PLEX And Other Personal Streaming Servers

My setup is pretty lazy: I added all of my music and videos to iTunes 20 years ago and they’re still there. Now I just drop new stuff on the app, tweak the tags a little bit and I’m done.


The thing for me, when people talk about how discs or the flashdrives will eventually die… well, not to be morbid, so will I.

I’m not so concerned about these things lasting at this stage in my life. But I’m sure if I was in my 20s or 30s, I’d be all in on this stuff, it probably is more convenient.


When I upgraded from PS4 last year, I was dismayed that the PS5 lacked a way to play video files from an external HD. So I figured out a reasonably robust/lazy Plex setup (streaming from my Mac desktop).

Now I’m running into an issue where my Plex streams are briefly freezing up several times during a movie, especially in the larger Rifftrax files, and especially when I’m doing anything else on my computer. The thing is, now the PS5 can play video files, but I’d rather stick with Plex.

I knew I should have waited until I came up with a better wish for that monkey’s paw.

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I’m absolutely with you on this. I gripe about all the crap that makes playing discs so unpleasant, but having discs is hugely important. I am all-in on physical media. The degree to which people trade common sense for convenience continues to amaze me.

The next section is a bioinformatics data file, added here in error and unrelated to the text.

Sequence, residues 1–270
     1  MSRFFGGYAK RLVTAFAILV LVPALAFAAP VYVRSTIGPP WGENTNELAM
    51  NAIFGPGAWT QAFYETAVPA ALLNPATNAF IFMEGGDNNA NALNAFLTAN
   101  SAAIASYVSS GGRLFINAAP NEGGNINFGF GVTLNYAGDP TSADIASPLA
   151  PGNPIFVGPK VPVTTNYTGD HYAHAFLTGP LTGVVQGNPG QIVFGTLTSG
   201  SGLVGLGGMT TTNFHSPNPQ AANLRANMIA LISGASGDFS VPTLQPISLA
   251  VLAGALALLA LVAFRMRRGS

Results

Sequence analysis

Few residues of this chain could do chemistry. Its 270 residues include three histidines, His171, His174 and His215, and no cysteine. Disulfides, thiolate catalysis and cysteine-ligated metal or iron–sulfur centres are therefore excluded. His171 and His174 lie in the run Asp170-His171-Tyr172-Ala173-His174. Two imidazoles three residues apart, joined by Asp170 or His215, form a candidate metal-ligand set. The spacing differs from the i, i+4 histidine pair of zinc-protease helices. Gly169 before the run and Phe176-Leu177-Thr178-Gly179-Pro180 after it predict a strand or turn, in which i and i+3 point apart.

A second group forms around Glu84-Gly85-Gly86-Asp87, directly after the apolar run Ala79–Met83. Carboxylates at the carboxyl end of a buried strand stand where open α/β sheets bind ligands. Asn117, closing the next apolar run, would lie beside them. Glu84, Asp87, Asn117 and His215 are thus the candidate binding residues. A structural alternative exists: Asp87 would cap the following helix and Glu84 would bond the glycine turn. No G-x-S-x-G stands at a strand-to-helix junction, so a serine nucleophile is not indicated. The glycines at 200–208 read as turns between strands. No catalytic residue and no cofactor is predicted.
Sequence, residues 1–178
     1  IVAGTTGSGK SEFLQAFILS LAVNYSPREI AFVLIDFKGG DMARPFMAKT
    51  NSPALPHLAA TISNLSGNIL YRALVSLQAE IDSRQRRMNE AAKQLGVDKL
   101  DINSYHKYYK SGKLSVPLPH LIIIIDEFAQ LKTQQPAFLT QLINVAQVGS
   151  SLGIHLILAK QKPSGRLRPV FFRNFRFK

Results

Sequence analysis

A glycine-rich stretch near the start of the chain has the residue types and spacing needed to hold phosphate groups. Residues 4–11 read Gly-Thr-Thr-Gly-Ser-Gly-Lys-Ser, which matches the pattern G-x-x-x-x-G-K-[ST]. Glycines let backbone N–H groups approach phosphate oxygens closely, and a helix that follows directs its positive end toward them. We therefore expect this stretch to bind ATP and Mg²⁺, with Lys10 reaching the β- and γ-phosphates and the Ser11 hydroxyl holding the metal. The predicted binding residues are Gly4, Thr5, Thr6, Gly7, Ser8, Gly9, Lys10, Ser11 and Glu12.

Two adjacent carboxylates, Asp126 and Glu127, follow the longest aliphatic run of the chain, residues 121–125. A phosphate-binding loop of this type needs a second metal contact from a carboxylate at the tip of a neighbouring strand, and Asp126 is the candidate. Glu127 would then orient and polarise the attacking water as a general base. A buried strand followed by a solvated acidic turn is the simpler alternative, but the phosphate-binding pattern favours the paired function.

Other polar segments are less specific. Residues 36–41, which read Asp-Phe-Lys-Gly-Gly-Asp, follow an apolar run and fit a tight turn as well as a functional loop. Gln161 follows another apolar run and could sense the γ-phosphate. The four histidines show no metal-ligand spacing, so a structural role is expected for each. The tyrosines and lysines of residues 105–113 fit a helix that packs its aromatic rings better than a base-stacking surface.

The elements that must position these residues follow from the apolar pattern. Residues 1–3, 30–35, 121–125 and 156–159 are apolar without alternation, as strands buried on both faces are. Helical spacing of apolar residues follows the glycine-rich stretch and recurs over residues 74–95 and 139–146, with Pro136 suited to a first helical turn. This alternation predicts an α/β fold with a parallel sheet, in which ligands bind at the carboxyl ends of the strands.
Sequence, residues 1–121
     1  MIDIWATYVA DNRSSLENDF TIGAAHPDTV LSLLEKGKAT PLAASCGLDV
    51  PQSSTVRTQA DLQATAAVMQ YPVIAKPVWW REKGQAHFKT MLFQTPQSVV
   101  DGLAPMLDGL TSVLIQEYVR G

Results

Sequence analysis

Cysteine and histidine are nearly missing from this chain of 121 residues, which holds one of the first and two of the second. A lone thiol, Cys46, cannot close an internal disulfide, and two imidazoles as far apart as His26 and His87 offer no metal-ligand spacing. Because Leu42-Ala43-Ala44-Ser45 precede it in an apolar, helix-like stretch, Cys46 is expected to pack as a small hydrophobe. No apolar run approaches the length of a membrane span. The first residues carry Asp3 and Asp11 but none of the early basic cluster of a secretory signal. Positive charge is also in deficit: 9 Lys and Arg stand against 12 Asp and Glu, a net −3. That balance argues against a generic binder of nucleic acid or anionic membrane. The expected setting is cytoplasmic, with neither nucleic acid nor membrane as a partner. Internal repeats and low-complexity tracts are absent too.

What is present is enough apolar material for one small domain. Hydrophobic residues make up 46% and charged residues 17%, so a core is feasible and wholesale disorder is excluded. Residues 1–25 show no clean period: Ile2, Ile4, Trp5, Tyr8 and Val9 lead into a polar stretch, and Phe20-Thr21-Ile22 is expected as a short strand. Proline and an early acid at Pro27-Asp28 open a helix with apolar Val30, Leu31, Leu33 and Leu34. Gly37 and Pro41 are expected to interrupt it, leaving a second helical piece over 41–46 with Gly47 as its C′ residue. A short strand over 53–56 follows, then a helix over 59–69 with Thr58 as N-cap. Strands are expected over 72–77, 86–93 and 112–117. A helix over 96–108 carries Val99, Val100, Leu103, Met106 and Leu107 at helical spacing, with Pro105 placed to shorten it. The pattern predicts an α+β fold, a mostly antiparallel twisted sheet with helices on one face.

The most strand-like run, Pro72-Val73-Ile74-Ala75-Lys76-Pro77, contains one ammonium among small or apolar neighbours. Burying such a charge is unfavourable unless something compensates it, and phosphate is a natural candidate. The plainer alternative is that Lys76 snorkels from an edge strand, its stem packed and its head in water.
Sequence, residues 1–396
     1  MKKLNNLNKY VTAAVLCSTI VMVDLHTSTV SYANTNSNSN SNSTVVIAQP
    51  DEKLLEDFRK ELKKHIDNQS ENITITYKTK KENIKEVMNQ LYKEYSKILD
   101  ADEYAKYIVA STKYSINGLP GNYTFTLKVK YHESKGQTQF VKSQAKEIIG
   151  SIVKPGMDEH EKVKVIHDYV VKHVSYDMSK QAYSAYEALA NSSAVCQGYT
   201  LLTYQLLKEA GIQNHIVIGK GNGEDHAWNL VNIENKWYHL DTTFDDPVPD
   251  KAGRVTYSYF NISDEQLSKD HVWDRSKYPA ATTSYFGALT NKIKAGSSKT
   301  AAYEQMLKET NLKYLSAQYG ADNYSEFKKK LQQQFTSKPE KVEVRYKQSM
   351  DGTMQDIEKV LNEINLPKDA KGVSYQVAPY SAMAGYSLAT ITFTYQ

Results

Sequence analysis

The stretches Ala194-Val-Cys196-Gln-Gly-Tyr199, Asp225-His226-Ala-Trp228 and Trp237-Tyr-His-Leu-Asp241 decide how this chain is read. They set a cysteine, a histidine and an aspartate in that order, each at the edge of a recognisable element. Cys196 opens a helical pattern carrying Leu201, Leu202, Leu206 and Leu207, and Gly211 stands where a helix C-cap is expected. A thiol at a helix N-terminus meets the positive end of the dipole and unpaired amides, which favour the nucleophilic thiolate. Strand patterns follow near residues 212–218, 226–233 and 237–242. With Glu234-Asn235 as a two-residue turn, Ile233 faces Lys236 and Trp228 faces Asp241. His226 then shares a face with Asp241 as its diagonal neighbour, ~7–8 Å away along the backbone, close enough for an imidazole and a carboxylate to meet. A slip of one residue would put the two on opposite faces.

One day, probably sooner than later, Spotify and Netflix and Hulu and all the others will no longer exist. Their idiotic business models will have finally collapsed. Physical media is important for tomorrow so that others can experience music and movies, and it’s important today so that I can experience them on my own terms.


One more thing then I’ll shut up about this. Found this great article just this morning:


The main agents it seems to draw metadata from are the TVDB and the movie database. Both of those are made by users, so there are errors. I had half of my Rifftrax shorts go wonky recently, even though I know I had them correct initially. I think someone changed the lineup in the TVDB and threw them all off by 1. Also, even though both databases have the same shows, the people who set them up may have labeled them differently, so what you think you have may not match what you see. This is especially problematic with specials which often don’t exist at all or are completely randomly assigned.
Most of my shows pull from the TVDB, but sometimes there are shows like Night Gallery or the 1980s Twilight Zone that had several segments show during one episode. The people on the TVDB decided that Night Gallery’s episodes needed to be chopped up by segment. One episode is now 3, which is not how it aired or comes on the discs. TMDB has the episodes listed as they aired which is how they still come (mostly). I had to tell it to pull that series specifically from TMDB for it to work. The 1980s TZ on both databases is chopped up by segment. Having 3 “episodes” come in one true episode can confuse it.